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Sunburned Scalp Can Cause Hair Loss — Dermatologists’ Top Tips for Total Protection

Plus how to soothe and speed-heal if you already have a burn

You’ve likely mastered the practice of applying sunscreen to your face and body daily — after all, it’s one of the most important things you can do to safeguard your skin from both skin cancer and premature signs of aging. But even if you’re diligent about shielding your face and the skin below your chin, if you’re like us, we’re willing to bet there’s one spot that gets overlooked: your scalp.

According to Seattle-based dermatologist Heather D. Rogers, MD, founder and CEO of Doctor Rogers Skin Care, many people simply tend to forget about the importance of sun protection in this area.  Many of us assume that our hair acts a shield, and while it does offer some protection, your part is still exposed. And if you’re dealing with thinning hair, then even more of the scalp is susceptible, she points out.

Another issue: Applying traditional sunscreens on your head can be difficult and leave your hair feeling sticky and greasy (no, thanks!). Still, this spot is just as susceptible to sunburn as every other part of your body and requires a dedicated sun protection strategy. Here, expert-backed advice for how to prevent a sunburned scalp — and the best ways to soothe an already burned one, too.

The downsides of a sunburned scalp

A sunburned scalp is caused by too much sun exposure, more specifically to the UVB rays that are responsible for burning. As far as the skin itself goes, redness — as you’d expect with any sunburn — is one of the biggest signs, but so is itching, tenderness and peeling, says Dr. Rogers.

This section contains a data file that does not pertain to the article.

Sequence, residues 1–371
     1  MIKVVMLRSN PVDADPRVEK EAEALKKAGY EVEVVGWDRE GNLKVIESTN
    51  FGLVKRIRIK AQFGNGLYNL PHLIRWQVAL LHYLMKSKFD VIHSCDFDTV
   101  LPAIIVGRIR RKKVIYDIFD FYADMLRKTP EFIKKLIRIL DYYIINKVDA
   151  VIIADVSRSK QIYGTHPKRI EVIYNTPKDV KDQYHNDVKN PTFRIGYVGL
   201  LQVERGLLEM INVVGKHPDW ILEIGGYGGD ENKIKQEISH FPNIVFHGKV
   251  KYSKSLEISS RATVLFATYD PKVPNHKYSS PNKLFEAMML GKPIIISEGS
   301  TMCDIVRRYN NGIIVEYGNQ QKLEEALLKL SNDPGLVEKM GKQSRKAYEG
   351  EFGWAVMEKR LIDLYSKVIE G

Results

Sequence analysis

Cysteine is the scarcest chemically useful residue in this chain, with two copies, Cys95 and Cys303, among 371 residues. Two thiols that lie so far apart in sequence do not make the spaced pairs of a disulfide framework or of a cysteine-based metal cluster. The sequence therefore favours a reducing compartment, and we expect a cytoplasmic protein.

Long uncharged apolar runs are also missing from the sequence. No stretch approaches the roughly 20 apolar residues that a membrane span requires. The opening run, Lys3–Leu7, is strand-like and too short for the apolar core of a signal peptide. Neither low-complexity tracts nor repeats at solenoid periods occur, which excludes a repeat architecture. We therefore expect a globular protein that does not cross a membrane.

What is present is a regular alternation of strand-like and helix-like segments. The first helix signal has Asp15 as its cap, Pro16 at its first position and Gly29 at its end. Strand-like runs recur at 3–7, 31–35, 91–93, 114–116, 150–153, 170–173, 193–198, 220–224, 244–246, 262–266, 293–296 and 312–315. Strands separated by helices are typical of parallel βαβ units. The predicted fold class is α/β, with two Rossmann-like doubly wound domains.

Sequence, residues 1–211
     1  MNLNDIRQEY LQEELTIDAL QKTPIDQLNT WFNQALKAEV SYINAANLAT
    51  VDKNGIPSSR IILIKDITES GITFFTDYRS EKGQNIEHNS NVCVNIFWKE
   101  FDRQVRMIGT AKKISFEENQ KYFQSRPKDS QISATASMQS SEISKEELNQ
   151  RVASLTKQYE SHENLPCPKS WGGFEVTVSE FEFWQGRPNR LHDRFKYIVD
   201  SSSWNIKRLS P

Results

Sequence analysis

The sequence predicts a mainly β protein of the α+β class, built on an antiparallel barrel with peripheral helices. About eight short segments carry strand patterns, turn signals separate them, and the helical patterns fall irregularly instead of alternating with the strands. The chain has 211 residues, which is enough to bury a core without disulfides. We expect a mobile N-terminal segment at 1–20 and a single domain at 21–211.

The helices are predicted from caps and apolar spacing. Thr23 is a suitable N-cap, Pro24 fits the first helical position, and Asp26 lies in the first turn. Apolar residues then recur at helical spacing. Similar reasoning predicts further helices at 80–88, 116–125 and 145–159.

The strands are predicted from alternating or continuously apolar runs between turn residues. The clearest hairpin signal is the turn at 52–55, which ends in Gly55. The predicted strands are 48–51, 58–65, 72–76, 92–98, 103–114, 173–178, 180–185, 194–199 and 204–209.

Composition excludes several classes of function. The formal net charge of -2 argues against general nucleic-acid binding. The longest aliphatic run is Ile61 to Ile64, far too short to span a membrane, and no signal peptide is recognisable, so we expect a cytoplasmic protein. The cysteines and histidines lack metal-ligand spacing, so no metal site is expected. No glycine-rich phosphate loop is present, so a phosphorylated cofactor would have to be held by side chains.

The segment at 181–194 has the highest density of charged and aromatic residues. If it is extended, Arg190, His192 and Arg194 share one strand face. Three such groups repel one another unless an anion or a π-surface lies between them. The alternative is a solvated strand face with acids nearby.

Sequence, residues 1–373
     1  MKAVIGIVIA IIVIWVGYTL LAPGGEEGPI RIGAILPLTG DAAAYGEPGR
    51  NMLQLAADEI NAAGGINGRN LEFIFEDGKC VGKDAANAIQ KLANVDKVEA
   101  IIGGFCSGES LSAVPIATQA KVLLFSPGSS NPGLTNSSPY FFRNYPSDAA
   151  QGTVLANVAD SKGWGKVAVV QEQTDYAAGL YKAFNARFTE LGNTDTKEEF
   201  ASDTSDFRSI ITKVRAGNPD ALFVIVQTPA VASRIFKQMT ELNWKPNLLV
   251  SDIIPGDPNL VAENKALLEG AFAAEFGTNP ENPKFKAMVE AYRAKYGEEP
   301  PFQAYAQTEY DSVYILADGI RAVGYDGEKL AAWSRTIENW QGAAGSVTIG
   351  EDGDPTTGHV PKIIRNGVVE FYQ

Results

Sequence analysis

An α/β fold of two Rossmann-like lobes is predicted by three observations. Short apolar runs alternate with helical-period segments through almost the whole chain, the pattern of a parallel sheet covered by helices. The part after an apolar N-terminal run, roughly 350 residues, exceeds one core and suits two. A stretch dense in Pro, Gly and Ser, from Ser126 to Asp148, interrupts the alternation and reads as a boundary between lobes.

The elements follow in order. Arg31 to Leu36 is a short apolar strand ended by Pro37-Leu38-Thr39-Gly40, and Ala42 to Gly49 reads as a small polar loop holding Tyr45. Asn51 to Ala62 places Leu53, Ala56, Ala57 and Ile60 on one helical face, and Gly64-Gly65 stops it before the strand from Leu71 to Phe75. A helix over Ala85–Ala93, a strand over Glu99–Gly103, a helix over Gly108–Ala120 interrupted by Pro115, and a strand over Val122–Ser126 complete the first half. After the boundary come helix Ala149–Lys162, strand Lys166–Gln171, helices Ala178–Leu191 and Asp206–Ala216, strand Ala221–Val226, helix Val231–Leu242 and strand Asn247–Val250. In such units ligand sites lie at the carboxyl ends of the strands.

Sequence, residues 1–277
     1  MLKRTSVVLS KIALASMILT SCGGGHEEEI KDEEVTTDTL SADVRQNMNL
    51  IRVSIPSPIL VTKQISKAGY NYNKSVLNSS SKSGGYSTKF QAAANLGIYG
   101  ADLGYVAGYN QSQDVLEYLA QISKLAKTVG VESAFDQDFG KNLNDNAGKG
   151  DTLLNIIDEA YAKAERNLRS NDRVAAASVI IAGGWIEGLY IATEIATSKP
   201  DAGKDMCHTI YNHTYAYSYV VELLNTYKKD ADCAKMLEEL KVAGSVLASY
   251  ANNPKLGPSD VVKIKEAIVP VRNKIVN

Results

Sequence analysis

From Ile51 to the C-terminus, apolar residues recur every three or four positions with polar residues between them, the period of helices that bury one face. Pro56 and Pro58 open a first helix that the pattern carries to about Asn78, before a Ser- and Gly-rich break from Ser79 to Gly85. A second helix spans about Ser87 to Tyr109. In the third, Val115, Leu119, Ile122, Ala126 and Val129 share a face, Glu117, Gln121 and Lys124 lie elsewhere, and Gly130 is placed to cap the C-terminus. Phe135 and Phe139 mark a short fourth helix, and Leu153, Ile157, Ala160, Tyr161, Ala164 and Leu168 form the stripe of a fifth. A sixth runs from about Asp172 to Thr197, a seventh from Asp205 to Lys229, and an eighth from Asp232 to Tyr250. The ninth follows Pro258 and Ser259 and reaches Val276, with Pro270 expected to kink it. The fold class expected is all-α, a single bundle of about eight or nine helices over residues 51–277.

Skin cancer is another potential concern. Skin cancers in this area often go undetected since many people aren’t paying attention to or can even see their own scalp, Jeremey Brauer, MD, a dermatologist in Purchase, New York, points out. His advice: Ask your hairstylist, partner or friend to be on the lookout for any new or changing moles or spots on your scalp.

The post-scalp sunburn effects on your hair can also be long-lasting. “Even a single bad sunburn can traumatize the hair follicle, potentially resulting in a form of hair loss known as telogen effluvium,” explains Dr. Rogers. This is a type of temporary shedding that starts a few months after the burn itself. And while it eventually will stop and the hair will grow normally again, it can take months for this to happen, she explains.

How to prevent a sunburned scalp

As the saying goes, the best offense is a good defense. In other words, the ideal scenario is to stop a sunburn from happening in the first place. Here, a few good sun protection strategies that will help safeguard your scalp:

The best way to prevent a sunburned scalp: Toss on a protective sun hat

Woman wearing a sunhat to prevent a sunburned scalp

Just keep in mind that not all hats are created equal. Trucker hats and visors don’t provide adequate protection, says Dr. Rogers. She recommends looking for one that has a tight weave, which won’t allow rays to pass through, and/or is made from a sun-protective fabric. You’ll also want to consider finding a hat that has a wide brim so that it pulls double-duty and protects your face, as well.

One to try: ZD Z-Dear Straw Panama Hat UPF 50+ (Buy on Amazon, $26).

Not a hat lover? Use a scalp-specific sunscreen

If you’re like us, the thought of slathering a thick sunscreen lotion onto your scalp sounds messy and unappealing. Thankfully, there are plenty of formulas made specifically for the scalp. Dr. Rogers says a powder option is easy to apply and won’t feel heavy or greasy.

Her top pick: Supergoop! Poof 100% Mineral Part Powder (Buy on Amazon, $34). The powder seamlessly blends in with hair and contains SPF 35 to thwart a sunburned scalp.

There are also dedicated SPF spray options that will protect both your scalp and your hair. Ones to try: Sun Bum Sunscreen Scalp Spray SPF 30 (Buy from Ulta, $17.49) and Not Your Mother’s Beach Babe Sunscreen Scalp and Hair Mist (Buy from Ulta, $13.49).

To protect everything at once: Take an antioxidant-powered supplement